Sometimes, in your growth as a writer, you get past an obstacle that has stood in your path for a long time. You find yourself suddenly able to do something you couldn’t do before, maybe even something you didn’t know you should be doing. That new ability could be using language free of cliché phrases, creating plots with sufficient peril for the protagonist that the reader wants to know the outcome, letting the characters develop through the action of the plot instead of through exposition, or writing about topics that have genuine urgency for you. You pass the obstacle, you know what you have to do next time you see a similar impasse. You’ve reached a new plateau in your writing.
Once you’re on that plateau, vistas open up. So many possibilities unfold for your writing that you couldn’t access before. Suddenly you get it. You feel empowered. It’s the literary equivalent of a growth spurt for a kid. Writing comes more easily to you. That doesn’t mean the path is level, but you’ve crossed terrain like this before, and you know you can get over the boulders and the chasms. Those moments in your writing stand out as crucial milestones that will help guide you through the rest of your career as an author.
But as you explore the plateau, you begin to see new kinds of obstacles. Why hadn’t you noticed them before? Suddenly they stare you in the face. That piece of writing that you had just used your new-found skills to improve—now other errors glare at you. Why are you still using verbs that aren’t active? The verb “to be” appears in every other sentence, slowing the flow of the action. It can’t possibly be time to revise again, right after you solved all the problems?
Yes, it can. The reason is that once we arrive at a plateau, new obstacles become visible that were hiding before. They were using the other difficulties as cover. Now the culprits have no more camouflage. It’s time to flush the new errors out of the bushes, and to work on those.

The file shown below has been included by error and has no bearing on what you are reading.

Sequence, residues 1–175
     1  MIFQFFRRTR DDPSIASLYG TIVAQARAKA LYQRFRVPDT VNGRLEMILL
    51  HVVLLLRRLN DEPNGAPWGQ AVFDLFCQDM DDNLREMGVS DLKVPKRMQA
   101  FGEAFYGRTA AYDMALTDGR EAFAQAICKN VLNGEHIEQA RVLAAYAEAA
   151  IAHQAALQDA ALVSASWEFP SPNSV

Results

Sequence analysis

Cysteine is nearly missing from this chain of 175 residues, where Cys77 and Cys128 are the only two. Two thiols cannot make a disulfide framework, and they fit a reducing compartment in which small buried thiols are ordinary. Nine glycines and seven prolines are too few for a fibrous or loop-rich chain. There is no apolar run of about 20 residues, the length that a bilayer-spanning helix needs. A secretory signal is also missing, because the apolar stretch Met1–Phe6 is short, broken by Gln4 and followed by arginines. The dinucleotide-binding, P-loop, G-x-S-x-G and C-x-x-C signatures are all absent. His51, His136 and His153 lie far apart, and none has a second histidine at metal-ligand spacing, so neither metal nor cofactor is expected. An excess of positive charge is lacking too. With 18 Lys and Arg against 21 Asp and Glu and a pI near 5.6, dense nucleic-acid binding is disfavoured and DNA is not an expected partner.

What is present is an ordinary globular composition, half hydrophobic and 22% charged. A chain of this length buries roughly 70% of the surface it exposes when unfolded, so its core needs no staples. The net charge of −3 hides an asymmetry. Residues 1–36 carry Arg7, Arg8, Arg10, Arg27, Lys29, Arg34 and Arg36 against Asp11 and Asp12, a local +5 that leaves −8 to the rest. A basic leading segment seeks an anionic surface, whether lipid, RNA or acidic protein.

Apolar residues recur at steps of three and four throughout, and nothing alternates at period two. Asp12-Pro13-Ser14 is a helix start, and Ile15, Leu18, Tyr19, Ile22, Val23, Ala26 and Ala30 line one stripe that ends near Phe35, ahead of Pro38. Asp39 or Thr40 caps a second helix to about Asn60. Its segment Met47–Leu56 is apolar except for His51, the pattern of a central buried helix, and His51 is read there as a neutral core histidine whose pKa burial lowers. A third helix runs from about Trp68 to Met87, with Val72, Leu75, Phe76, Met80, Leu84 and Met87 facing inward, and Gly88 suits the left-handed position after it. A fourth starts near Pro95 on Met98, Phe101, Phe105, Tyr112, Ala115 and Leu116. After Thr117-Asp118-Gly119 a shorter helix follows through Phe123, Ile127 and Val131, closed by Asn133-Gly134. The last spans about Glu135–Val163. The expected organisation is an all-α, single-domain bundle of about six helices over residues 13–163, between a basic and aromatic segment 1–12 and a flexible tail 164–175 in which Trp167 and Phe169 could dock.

Is there no rest? To put it simply: no.
As the French surrealist André Breton said in his poem The Estates General, “There will always be a wind-shovel in the sands of the dream” (“Il y aura toujours une pelle au vent dans les sables du rêve”). OK, I have to admit, I don’t really know what this quote means. What the heck is a “wind-shovel,” and could it lower my energy bills? But seriously, I read this passage from Breton as saying that change is as inevitable as shifting sand, or as the fresh desires that continually crop up in our dreams. Not only that, the tools themselves for the next change are something we can’t even imagine yet, like a “wind-shovel.”
In other words, with each new plateau we scale, we see the next plateau looming above. That may seem exhausting, but without that continual challenge, what would be the fun of writing?
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